February 18th, 2014
A Story Each Day
My dad and I do this thing when we talk — I’m not sure why we do it or how it happened, what it means, or whether we even realize that we do it, but it happens. My father is the best father I could have asked for, and I’d like to think that I try to be the best son he could have asked for as well. Aside from listening to some hardcore music when I was 16 and maybe forgetting to do some chores, I was generally a good kid growing up.
When my dad and I talk on the phone, it sometimes takes a little while for us to warm up. I imagine that this is normal — technology creates barriers between people. It happens. But when my dad and I start to talk, I feel at first like he’s more of a relative than my dad. We greet each other and ask each other “How’s it going?” at the same time, our voices awkwardly bumbling over each other, trying to occupy the same space at the same time. But slowly and gently, the barriers of technology are ignored and the relation changes from relative to family, and the distance closes.
We talk about all sorts of things — We talk about subways and apartments, about food and groceries. All sorts of things that are important to everyday life, but at the same time, are so massively unimportant. We talk about weather and time schedules, about laundry and cereal. We talk about yard work and church.
But each of these things is a layer — Like a layer of paint on a guard rail or a hand rail. Each layer has been built up, one upon another, and if there’s a chip or a scratch or a scrape, the next layer just covers it over and we keep on talking. We talk about theatrical plays or movie theaters, we talk about Panther’s games or Super Bowls, we talk about travel plans or distant relatives — the ones that we inevitably feel like and the ones we try so hard not to be.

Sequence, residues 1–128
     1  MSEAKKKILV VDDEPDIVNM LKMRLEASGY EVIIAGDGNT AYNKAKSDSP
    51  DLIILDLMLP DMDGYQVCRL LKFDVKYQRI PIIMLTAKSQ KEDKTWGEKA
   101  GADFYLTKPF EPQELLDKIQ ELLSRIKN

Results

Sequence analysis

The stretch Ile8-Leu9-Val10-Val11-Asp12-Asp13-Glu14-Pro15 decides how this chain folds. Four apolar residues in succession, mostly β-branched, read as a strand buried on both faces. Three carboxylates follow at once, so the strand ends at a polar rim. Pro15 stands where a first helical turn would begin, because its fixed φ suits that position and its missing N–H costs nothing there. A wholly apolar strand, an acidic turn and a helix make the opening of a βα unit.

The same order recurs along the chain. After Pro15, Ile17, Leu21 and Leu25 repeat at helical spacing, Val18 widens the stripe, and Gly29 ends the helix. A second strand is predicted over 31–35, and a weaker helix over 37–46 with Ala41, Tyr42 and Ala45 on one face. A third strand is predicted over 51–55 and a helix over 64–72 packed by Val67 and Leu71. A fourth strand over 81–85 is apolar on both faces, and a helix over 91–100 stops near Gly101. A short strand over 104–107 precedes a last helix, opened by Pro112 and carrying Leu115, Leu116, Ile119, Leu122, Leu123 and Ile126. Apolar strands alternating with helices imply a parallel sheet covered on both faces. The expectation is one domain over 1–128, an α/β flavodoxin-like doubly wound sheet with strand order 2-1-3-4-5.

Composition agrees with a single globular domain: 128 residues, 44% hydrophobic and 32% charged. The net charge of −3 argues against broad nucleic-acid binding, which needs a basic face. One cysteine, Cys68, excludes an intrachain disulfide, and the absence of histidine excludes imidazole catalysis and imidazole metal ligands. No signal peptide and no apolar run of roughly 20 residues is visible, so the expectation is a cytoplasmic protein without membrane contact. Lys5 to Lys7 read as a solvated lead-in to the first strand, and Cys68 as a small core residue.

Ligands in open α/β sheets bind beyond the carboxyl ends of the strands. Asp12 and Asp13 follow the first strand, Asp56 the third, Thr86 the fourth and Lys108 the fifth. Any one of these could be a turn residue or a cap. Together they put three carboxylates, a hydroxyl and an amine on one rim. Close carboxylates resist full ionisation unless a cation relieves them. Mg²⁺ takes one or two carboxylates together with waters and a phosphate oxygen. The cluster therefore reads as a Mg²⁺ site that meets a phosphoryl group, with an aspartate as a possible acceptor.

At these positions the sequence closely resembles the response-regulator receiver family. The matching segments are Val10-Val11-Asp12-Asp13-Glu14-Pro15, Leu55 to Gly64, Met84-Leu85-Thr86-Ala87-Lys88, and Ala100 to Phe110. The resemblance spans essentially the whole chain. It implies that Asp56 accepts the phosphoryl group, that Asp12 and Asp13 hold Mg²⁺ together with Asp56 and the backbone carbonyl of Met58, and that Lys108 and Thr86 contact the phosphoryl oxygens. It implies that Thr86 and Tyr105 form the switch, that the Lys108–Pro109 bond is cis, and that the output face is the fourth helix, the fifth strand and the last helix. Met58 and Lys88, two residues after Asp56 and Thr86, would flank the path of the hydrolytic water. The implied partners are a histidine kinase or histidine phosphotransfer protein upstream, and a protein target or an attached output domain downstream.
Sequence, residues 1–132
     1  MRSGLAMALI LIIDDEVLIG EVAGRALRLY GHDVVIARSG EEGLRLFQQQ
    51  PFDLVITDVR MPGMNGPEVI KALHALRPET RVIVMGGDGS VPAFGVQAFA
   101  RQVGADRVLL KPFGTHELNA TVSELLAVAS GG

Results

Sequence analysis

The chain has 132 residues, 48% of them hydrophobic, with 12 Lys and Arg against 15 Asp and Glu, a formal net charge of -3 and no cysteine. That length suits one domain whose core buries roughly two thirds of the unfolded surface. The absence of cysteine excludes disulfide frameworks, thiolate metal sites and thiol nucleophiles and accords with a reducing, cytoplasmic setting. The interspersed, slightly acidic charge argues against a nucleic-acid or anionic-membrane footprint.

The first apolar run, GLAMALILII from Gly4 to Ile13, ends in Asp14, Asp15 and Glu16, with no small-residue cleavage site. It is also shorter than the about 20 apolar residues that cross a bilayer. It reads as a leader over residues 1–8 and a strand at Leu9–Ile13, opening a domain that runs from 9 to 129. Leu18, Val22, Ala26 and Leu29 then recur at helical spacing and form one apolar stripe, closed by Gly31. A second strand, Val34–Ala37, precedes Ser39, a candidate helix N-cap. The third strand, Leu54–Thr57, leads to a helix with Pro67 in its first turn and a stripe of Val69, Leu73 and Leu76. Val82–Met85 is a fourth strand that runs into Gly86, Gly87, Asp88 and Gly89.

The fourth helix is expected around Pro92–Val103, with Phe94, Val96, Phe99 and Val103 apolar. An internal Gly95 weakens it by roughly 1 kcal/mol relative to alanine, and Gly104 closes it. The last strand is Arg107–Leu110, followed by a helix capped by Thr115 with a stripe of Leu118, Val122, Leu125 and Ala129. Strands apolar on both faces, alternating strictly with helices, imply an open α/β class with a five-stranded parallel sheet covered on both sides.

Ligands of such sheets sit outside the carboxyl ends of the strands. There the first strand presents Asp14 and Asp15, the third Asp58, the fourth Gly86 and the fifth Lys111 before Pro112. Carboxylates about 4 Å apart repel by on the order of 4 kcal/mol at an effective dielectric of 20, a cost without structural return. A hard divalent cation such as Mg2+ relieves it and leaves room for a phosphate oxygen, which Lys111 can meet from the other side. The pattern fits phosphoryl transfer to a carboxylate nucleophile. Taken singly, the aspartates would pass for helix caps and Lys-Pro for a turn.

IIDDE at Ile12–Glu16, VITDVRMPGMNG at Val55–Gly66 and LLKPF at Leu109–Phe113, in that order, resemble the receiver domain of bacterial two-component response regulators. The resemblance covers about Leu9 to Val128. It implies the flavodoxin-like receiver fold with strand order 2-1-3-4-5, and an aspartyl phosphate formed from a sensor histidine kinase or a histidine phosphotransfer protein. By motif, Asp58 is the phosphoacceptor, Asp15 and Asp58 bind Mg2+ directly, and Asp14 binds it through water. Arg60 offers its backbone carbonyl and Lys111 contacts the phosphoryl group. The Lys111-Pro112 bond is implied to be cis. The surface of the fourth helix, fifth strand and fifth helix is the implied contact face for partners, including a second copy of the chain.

When each layer builds upon the last, covering it up, adding a fraction of an inch to each guard rail, we begin to realize that there isn’t much more we can add. Sometimes my phone battery starts to beep, or Mike calls me, and I imagine the next piece of graphic design that needs to be taken care of for my friend’s startup. If you took each layer, you would say that it really adds to nothing — It’s so thin and so frail that if it were a layer of paint you would never feel the difference. Any yet, when each layer builds upon the next, and the next, and the next, and the next, it adds up. And when we talk about groceries, or the weather, or the Panther’s, or the subways, it feels like it doesn’t hold any significance. And yet, when the conversation is done, it has built something. And yet, when my phone battery starts to beep, there isn’t anything else I can add.
We build up these layers, and there’s nowhere else to go. The only thing left to do would be to say ‘I love you, stay safe, I’ll talk to you soon,’ and hang up, stripping everything away and bringing this guard rail, or this support rail, back down to how it was meant to be seen. We start to say goodbye. We start to say ‘have a good week’ and ‘I’ll talk to you later’. As if a count down clock has started and the time slowly ticks down until the phone cuts out, we fill our last seconds through this telephonic connection with our final greetings, until the last second- that instant before my dad hangs up, and I say “I love you”, and all of the layers are stripped away. Because that’s what’s really there. That’s what’s underneath all of these layers. Just “I love you”.
But it’s cheating, the way I say it. I say it before he can realize that I said it, and he’s already hung up. It’s like slipping it in the last second before anyone can realize that what’s happening.
I’d like to think it counts. As I lower the phone, I whisper to myself, ‘I’m an idiot”.
Until my dad and I can both strip these layers down without having to slip them into the phone lines before the count down ends, the layers is all we’ll have. But slowly, every time we talk, I’d like to think there is one less layer, and we’re one layer closer to what really matters.